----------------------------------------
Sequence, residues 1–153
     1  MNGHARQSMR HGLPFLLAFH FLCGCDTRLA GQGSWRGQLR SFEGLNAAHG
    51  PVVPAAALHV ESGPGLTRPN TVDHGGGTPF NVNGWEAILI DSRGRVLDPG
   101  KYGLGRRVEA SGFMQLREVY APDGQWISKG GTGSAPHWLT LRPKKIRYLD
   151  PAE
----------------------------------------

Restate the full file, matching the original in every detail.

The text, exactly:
Sequence, residues 1–153
     1  MNGHARQSMR HGLPFLLAFH FLCGCDTRLA GQGSWRGQLR SFEGLNAAHG
    51  PVVPAAALHV ESGPGLTRPN TVDHGGGTPF NVNGWEAILI DSRGRVLDPG
   101  KYGLGRRVEA SGFMQLREVY APDGQWISKG GTGSAPHWLT LRPKKIRYLD
   151  PAE